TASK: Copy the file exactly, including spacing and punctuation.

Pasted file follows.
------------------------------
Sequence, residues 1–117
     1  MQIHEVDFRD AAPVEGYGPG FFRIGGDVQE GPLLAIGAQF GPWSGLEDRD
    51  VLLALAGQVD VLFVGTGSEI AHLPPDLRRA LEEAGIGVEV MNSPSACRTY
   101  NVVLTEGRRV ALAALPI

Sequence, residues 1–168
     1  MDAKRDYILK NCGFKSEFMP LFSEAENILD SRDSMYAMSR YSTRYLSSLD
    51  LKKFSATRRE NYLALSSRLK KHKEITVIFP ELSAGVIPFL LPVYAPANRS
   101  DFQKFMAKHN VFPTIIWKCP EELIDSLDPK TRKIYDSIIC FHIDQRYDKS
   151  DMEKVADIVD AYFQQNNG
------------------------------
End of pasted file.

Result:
Sequence, residues 1–117
     1  MQIHEVDFRD AAPVEGYGPG FFRIGGDVQE GPLLAIGAQF GPWSGLEDRD
    51  VLLALAGQVD VLFVGTGSEI AHLPPDLRRA LEEAGIGVEV MNSPSACRTY
   101  NVVLTEGRRV ALAALPI

Sequence, residues 1–168
     1  MDAKRDYILK NCGFKSEFMP LFSEAENILD SRDSMYAMSR YSTRYLSSLD
    51  LKKFSATRRE NYLALSSRLK KHKEITVIFP ELSAGVIPFL LPVYAPANRS
   101  DFQKFMAKHN VFPTIIWKCP EELIDSLDPK TRKIYDSIIC FHIDQRYDKS
   151  DMEKVADIVD AYFQQNNG